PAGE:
46 n-well CMOS Process Cont The nitride-covered regions will not be oxidized. - After a long wet oxidation step, thick field oxide will appear in regions between transistors, Fig. 4.7c. - The thick field oxide is necessary for isolating the transistors. Fig. 4.7 (c) LOCOS oxidation

47 n-well CMOS Process Cont The next step is the formation of the Polysilicon gate, Fig. 4.7d. - This is one of the most critical steps in the CMOS process. Fig. 4.7 (d) Polysilicon gate (mask 3)

48 n-well CMOS Process Cont The Polysilicon gate is a self-aligned structure, because the separation between the source and drain diffusions -channel length- is defined by Polysilicon gate mask alone, hence the self-aligned property. Q # N2: Why the Polysilicon gate is a self-aligned structure?

49 n-well CMOS Process Cont A Polysilicon layer, usually arsenic doped (n-type), is deposited and patterned. - The Polysilicon gate also acts as a barrier for this implant to protect the channel region.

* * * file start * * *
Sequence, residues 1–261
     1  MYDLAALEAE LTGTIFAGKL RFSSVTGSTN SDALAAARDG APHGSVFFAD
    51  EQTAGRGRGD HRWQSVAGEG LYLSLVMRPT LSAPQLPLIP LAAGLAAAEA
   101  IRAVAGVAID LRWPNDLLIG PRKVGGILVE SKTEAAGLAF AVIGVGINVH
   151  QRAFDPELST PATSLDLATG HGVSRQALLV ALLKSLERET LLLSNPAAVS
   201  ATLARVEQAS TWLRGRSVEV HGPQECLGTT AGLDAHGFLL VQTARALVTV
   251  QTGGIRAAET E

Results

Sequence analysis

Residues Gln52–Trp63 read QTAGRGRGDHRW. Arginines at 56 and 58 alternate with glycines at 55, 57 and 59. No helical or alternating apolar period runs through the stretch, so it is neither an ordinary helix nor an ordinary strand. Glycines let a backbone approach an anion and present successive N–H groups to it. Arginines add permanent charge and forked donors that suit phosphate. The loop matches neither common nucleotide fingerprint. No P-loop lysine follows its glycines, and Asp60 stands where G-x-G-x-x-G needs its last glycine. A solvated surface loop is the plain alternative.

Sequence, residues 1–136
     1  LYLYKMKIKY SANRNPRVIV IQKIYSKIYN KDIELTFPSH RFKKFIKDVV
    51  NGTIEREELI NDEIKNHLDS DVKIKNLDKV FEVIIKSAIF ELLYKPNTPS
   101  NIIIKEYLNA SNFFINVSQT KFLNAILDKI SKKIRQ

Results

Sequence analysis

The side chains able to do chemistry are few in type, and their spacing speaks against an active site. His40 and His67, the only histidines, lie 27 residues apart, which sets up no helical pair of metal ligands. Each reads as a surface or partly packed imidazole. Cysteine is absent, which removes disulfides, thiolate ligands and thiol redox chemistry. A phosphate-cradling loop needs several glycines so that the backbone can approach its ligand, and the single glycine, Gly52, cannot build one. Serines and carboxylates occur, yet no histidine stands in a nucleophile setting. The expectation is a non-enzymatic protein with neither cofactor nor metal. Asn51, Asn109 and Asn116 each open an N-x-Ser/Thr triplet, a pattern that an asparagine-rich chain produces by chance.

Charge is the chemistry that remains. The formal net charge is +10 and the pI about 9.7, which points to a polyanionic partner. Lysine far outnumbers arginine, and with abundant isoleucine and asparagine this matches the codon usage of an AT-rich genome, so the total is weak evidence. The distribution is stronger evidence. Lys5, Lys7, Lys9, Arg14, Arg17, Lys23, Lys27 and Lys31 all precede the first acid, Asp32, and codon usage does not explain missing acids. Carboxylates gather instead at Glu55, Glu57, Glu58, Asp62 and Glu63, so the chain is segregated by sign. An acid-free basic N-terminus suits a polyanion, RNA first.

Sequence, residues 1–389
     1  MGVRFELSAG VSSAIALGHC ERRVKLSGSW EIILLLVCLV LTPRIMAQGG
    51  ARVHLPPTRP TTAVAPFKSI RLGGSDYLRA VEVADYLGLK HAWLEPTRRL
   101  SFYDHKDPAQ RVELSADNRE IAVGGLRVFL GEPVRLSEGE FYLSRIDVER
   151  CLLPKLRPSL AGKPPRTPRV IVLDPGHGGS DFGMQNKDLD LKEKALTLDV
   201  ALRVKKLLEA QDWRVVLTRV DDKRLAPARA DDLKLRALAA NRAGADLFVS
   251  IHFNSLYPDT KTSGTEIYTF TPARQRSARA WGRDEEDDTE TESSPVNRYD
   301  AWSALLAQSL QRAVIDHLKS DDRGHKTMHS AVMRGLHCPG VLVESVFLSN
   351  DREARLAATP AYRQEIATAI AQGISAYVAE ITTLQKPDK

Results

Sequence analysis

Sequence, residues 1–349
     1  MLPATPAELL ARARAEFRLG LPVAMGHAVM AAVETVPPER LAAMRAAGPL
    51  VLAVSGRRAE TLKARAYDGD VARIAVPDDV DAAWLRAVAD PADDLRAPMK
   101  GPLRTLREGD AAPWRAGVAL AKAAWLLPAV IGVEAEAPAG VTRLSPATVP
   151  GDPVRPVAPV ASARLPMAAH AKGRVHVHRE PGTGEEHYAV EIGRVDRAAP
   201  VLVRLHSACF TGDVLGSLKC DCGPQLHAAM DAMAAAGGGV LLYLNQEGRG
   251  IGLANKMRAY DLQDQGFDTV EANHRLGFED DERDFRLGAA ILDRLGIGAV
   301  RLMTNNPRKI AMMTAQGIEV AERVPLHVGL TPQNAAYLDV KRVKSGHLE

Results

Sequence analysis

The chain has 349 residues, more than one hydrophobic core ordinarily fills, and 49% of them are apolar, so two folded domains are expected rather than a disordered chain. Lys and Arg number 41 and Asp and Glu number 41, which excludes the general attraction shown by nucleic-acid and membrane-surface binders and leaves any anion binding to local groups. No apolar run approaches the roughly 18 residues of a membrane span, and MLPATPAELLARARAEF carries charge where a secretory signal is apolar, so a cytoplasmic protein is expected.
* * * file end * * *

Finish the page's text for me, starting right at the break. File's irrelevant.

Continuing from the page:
50 n-well CMOS Process Cont A layer of Photoresist can be used to block the regions where p-mosfets are to be formed, Fig. 4.7e. - The thick field oxide stops the implant and prevents n+ regions from forming outside the active regions. Fig. 4.7 (e) n+ diffusion (mask 4)

51 n-well CMOS Process Cont A reversed photolithography step can be used to protect the n-mosfets during the p+ boron source and drain implant for the p-mosfets, Fig. 4.7f. Fig. 4.7 (f) p+ diffusion (mask 5)

52 n-well CMOS Process Cont Before contact holes are opened, a thick layer of CVD (Chemical Vapor Deposition) oxide is deposited over the entire wafer. - A photo-mask is used to define the contact window opening, Fig. 4.7g, followed by a wet or dry oxide etch. Fig. 4.7(g) Contact holes (mask 6)

53 n-well CMOS Process Cont The thick layer of CVD oxide is deposited over the entire wafer to serve as a protective layer.